TELLTALE SIGNS OF A RODENT INFESTATION - DO YOU HAVE RATS OR MICE?
If you answer "yes" to most of these questions, you may have a rat or mouse problem in your home.
How to Tell if You Have Rodents
- Rodent droppings are a good indicator of the pest in your house. Rat droppings are shiny black and 1/2 - 3/4 of an inch long, whereas mice droppings are small and smooth with pointed ends.
- Chew marks are another telltale sign to distinguish your rodent. Typical rat teeth marks are 1/8-inch long, while smaller and "scratchier" marks usually indicate mice.
Rodent Signs: What to Look For
Rats and mice often leave unique signs. Before you set bait stations or rodent traps, ask yourself these 7 questions to determine whether or not you will need pest control in the near future:
1. Is your dog upset?
Dogs can become disturbed when they hear and smell rodents in the house. You may notice that your dogs pay extra attention to the fence line of your yard, especially at night when mice are more active. A bit of warning: don't rely on your dogs to rid the house of mice or rats. Dogs have very different immune systems than cats and may not be able to handle some of the diseases that rats and mice often carry.
2. Are rodent droppings present?
Stumbling upon a pile of rodent poop is less than pleasant, however, they can be helpful when trying to determine which type of rodent you have and what the next steps are in finding a pest control solution. If you notice multiple, distinct piles or tracts of what looks like dirt in your house, especially along walls, take a closer look to determine if it might in fact be rat or mouse droppings.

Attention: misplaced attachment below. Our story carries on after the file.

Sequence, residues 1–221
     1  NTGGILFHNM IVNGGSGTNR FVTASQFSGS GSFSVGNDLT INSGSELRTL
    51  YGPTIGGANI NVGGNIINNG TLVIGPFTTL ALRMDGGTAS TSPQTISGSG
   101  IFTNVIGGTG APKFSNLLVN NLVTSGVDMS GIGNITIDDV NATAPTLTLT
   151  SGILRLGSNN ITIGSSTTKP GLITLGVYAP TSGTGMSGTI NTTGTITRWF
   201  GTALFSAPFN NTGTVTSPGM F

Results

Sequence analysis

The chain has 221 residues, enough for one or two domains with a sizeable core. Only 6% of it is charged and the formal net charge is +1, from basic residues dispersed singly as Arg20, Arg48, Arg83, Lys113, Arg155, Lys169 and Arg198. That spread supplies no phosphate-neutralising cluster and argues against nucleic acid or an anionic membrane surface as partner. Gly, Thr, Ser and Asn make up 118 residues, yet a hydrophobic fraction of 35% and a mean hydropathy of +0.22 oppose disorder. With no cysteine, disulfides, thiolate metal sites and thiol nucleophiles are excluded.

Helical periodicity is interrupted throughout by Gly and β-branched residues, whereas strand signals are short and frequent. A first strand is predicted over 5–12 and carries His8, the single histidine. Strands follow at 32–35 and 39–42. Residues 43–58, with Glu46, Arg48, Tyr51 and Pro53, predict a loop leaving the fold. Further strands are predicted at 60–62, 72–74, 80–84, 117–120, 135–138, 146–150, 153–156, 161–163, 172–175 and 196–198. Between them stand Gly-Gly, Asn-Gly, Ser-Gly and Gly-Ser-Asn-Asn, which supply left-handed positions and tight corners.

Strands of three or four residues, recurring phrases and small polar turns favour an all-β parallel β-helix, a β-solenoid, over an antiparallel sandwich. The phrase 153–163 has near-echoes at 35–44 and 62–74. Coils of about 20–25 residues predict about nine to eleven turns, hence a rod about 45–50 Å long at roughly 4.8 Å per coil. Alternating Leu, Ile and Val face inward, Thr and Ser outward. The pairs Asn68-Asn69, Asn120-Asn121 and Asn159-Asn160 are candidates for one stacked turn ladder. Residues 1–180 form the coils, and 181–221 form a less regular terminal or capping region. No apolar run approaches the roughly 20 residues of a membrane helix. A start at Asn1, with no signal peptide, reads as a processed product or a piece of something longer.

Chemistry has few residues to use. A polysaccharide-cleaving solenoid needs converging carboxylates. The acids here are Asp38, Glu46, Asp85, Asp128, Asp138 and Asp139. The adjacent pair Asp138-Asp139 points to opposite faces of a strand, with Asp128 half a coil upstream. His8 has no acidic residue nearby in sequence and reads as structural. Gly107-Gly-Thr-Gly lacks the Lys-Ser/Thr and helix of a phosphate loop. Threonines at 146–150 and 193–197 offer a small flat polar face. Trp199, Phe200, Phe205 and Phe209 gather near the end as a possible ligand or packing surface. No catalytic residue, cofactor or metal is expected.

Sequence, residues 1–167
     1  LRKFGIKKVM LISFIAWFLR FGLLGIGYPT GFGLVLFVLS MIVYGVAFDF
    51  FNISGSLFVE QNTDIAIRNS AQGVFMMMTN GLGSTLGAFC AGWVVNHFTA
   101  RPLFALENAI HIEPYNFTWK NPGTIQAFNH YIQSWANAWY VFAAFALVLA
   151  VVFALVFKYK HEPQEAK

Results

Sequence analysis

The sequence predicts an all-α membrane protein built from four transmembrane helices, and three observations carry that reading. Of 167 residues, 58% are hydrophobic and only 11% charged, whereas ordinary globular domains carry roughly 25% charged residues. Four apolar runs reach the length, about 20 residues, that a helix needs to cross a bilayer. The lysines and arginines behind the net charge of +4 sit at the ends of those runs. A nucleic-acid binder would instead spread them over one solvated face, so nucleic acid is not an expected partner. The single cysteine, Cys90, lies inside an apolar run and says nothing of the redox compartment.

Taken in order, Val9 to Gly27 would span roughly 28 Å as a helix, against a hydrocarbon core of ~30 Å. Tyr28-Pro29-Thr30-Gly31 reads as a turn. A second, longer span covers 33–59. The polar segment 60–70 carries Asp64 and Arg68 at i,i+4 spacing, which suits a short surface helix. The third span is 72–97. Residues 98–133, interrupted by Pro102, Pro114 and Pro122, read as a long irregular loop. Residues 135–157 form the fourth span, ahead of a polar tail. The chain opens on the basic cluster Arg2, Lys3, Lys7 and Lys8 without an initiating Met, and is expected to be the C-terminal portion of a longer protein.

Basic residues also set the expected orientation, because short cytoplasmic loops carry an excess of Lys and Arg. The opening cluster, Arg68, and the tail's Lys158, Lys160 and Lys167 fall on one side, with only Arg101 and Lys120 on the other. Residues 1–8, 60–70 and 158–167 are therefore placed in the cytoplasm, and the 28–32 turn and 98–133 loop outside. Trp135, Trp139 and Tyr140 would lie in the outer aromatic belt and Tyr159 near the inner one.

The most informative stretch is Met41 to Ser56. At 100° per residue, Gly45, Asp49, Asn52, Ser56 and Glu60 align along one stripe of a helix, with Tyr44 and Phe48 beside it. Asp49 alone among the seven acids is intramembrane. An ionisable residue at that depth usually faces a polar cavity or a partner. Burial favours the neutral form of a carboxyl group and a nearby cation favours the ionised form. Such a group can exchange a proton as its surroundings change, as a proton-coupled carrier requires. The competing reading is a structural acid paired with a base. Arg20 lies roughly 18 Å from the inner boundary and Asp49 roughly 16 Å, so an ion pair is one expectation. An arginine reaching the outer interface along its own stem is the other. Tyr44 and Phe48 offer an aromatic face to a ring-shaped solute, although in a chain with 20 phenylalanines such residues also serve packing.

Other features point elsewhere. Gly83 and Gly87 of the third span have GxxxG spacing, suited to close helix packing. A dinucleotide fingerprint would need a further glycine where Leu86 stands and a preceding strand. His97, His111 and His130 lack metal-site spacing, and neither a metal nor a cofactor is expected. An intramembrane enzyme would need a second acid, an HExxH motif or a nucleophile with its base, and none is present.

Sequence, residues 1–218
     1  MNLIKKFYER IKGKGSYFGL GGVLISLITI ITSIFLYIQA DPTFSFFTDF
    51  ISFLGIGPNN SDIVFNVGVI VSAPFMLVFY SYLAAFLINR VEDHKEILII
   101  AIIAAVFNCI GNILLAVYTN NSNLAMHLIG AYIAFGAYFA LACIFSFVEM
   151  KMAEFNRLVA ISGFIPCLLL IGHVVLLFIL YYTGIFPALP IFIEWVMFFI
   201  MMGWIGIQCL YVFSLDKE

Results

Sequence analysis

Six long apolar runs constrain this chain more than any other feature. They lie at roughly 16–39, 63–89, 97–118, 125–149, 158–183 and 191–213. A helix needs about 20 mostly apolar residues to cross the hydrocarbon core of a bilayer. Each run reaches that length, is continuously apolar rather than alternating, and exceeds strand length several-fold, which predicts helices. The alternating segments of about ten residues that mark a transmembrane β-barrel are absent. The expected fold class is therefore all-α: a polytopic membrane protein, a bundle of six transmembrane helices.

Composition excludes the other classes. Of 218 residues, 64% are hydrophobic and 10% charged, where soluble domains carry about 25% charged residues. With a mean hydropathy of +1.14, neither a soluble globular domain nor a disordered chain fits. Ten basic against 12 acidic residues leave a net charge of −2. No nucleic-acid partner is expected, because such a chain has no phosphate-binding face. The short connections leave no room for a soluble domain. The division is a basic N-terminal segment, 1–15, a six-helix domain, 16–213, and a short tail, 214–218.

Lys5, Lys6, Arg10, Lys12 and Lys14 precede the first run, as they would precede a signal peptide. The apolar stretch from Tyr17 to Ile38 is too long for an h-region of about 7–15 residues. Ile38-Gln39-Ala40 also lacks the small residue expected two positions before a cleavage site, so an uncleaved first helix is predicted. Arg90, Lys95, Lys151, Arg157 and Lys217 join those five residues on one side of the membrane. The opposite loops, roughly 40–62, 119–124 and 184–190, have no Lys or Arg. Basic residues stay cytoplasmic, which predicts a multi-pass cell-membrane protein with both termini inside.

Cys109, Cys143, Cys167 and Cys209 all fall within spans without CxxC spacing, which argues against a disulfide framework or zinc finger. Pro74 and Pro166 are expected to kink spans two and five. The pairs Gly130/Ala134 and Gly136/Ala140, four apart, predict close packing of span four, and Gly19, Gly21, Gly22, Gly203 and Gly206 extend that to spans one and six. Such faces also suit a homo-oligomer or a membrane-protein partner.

Mice droppings are small and smooth with pointed ends, usually about 1/8 - 1/4 of an inch long.
Norway Rat Poop
Norway rat droppings are typically brown and are blunt on both ends.
Roof Rat Poop
Roof rat droppings are dark and both ends are pointed.
3. Do you see small tracks and tail trails in dusty areas?
Tiny footprints or lines from tails dragging will appear in dusty areas. Check along baseboards, in corners and near sources of food. You may even be able to determine a rodent's entrance and exit points by following these marks.
4. Do you see areas where wood or drywall has been gnawed?
Since their teeth never stop growing, both mice and rats are avid chewers. Typical rat teeth marks are 1/8-inch long. Smaller and "scratchier" marks usually indicate mice. Check along baseboards, door frames, doors, inside cabinets and anything that serves as a barrier to get behind walls. If you're hearing noises inside your walls, check the back panels of cabinets to try to find the rodent's access point.
5. Do you see smears along baseboards and other areas?
Rats and mice tend to stick near walls and borders when moving. If you are noticing greasy smears along baseboards or the bottoms of your walls, you may have some very unwanted visitors. Of course, marks can appear from other sources as well, so if you're noticing marks, try keeping the areas clean and see if the marks reappear.
6. Is there a heavy musky odor in the house?